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I use assign like this :

$smarty->assign("akakak", $_POST[do]);

it's work in some cases but it isn't work in some cases

when I add this parameter

$smarty->assign("akakak", $_POST[do], true);

it's always work

Why ?

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Are you checking first if if isset($_POST['do']) before assigning? Place quotes around do, since you're forcing PHP to interpret a constant as a string array key. –  Michael Berkowski Feb 22 '12 at 17:32
    
yes I checking for it –  Daniel Ali Feb 22 '12 at 17:33
    
error_reporting(E_ALL) is your friend... you should use $_POST['do'] not $_POST[do] –  Loz Cherone ツ Feb 22 '12 at 17:33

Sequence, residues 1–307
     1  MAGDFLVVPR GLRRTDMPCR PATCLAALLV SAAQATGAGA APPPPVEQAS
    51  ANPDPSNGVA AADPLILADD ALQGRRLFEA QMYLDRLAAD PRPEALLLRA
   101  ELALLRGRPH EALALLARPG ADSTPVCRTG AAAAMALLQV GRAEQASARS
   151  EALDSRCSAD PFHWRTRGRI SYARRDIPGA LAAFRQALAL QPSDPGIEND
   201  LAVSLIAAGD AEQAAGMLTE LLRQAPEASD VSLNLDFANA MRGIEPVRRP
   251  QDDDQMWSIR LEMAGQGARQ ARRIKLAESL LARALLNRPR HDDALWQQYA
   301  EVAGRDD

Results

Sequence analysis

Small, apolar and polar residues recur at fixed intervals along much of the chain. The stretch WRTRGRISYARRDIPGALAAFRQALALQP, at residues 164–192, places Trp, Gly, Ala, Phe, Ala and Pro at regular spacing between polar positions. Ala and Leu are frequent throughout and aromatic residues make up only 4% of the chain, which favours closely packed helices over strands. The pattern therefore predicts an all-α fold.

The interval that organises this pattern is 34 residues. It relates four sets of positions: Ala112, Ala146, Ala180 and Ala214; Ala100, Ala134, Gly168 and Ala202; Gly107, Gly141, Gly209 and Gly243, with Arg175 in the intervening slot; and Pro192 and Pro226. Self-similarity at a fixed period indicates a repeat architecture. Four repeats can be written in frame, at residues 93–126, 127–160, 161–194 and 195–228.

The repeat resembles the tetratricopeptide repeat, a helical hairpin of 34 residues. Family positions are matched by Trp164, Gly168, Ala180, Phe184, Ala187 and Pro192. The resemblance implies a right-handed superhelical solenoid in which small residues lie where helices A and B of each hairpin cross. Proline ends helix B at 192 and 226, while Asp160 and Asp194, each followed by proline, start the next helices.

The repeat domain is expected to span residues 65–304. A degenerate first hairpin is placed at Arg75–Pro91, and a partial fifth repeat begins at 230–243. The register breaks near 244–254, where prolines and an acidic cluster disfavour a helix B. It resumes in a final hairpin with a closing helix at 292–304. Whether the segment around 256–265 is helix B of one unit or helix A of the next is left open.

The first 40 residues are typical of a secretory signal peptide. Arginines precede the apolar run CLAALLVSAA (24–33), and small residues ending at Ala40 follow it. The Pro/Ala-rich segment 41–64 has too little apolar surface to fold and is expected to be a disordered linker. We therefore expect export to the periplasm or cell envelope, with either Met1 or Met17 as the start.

?????????????????????? –  Daniel Ali Feb 22 '12 at 17:38

2 Answers 2

You should check or set a default value:

<?php 
//Check it or set default for $do
$do=(isset($_POST['do']))?$_POST['do']:'';

//Assign the $smarty var with $do
$smarty->assign("akakak", $do);
?>
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Assigning the values of superglobals ($_GET, $_POST, $_REQUEST, $_SESSION, $_COOKIE, $_SERVER, $_ENV) is redundant. You can access any of these within a template through the {$smarty} variable, in your case {$smarty.post.do}.

The following is true for Smarty3:

The third argument to assign() is the nocache flag. For more information on this, see cacheability of variables. If this actually solved your problem, your real problem lies with your caching. You likely have $smarty->caching = true; set, in which case the template is not rendered on every invocation, but read from cache if possible.

If you need further assistance, you may want to elaborate on the failing cases.

Aside from that, please have a close look at the other comments suggesting $_POST['do'] over $_POST[do] and the use of isset() or empty() where applicable.

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